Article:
The Q&A Archives: Ivy cuttings

Question: I am taking cuttings to start plants for centerpieces for my daugter's wedding. I have tried different methods and am having so-so luck.
I have tried rooting them in water which seems to have worked the best however my original plant is getting pretty small so I don't have long pieces to do this. I tried hormone powder which I am not real sure of yet. If I put the tips in potting soil and put in a plastic bag do I leave the bag open a bit to get some air so they don't rot? I rooted plants two years ago for another wedding with much better luck but for some reason I'm not doing so well this time.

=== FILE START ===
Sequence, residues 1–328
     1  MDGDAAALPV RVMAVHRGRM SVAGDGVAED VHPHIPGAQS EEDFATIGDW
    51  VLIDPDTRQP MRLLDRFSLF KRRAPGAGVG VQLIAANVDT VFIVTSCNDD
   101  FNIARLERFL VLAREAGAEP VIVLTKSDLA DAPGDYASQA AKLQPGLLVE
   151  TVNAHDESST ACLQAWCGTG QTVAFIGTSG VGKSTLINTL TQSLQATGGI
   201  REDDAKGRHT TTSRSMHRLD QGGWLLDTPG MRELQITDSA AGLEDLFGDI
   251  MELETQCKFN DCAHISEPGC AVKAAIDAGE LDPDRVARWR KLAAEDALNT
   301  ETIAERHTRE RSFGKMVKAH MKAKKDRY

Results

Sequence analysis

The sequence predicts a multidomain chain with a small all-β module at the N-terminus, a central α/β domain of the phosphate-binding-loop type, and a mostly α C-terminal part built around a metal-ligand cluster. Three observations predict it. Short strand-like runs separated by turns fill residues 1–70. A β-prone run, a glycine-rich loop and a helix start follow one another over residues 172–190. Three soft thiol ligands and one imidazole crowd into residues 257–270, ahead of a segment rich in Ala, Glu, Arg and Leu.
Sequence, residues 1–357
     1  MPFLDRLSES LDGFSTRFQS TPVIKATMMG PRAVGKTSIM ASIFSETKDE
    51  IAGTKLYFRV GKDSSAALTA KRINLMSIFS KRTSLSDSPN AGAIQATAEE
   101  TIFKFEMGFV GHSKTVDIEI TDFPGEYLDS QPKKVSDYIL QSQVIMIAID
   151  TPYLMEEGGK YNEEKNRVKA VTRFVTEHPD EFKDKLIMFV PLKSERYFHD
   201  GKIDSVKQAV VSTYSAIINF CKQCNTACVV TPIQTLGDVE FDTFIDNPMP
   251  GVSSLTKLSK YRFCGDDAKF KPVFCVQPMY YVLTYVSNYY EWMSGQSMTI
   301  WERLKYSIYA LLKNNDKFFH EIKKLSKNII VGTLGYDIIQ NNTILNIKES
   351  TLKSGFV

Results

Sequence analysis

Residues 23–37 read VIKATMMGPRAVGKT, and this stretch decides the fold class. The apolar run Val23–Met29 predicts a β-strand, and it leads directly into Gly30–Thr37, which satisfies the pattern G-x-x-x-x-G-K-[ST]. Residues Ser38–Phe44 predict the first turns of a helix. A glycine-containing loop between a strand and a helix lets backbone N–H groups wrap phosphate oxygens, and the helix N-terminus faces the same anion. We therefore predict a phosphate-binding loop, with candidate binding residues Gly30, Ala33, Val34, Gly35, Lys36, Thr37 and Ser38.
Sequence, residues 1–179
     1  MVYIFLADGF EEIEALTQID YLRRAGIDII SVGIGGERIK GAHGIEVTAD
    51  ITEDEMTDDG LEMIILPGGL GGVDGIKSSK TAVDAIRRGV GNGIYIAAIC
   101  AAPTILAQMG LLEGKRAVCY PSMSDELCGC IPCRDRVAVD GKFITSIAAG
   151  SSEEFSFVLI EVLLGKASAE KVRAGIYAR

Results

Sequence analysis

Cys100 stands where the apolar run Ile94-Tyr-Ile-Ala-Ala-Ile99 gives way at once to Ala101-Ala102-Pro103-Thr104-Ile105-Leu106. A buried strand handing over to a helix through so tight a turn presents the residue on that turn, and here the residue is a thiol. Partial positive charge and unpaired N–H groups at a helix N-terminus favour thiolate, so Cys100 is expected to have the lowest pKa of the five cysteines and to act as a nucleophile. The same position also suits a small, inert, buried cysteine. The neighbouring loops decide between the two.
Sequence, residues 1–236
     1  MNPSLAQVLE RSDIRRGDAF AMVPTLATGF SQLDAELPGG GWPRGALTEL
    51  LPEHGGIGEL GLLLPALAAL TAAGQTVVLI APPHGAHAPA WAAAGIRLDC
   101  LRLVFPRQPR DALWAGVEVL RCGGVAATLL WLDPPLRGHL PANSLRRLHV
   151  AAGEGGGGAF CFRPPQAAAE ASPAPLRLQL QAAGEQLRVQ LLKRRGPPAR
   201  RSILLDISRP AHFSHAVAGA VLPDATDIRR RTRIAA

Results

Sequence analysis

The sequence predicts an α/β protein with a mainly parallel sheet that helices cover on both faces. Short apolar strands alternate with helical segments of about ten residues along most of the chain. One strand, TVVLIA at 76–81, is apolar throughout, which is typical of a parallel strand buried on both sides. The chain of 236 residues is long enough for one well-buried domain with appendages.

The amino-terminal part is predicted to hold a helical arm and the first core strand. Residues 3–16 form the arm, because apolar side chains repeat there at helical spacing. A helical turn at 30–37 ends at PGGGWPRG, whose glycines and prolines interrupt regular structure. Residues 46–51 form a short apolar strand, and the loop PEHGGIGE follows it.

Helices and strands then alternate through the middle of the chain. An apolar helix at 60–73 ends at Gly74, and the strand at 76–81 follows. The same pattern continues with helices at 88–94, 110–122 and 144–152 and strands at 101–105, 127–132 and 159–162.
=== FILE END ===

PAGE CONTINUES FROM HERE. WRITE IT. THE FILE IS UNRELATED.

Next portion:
Answer: Ivy should root readily if you cut short pieces with at least one node (leaf scar). This leaf scar is where new root will be produced. You can either sink the cutting into moist potting soil with the node beneath the soil, or lay the cuttings on top of moistened potting soil and bury it half-way (with the node touching the soil on the bottom but exposed to the air on top. The key is to keep the soil moist but not soggy wet. You can also root tip cuttings with at least one node. The plastic bag method is simply a homemade greenhouse which helps hold moisture and keeps the cutting from drying out. You'll want to leave the top open so excess moisture can escape. Hope this information helps!

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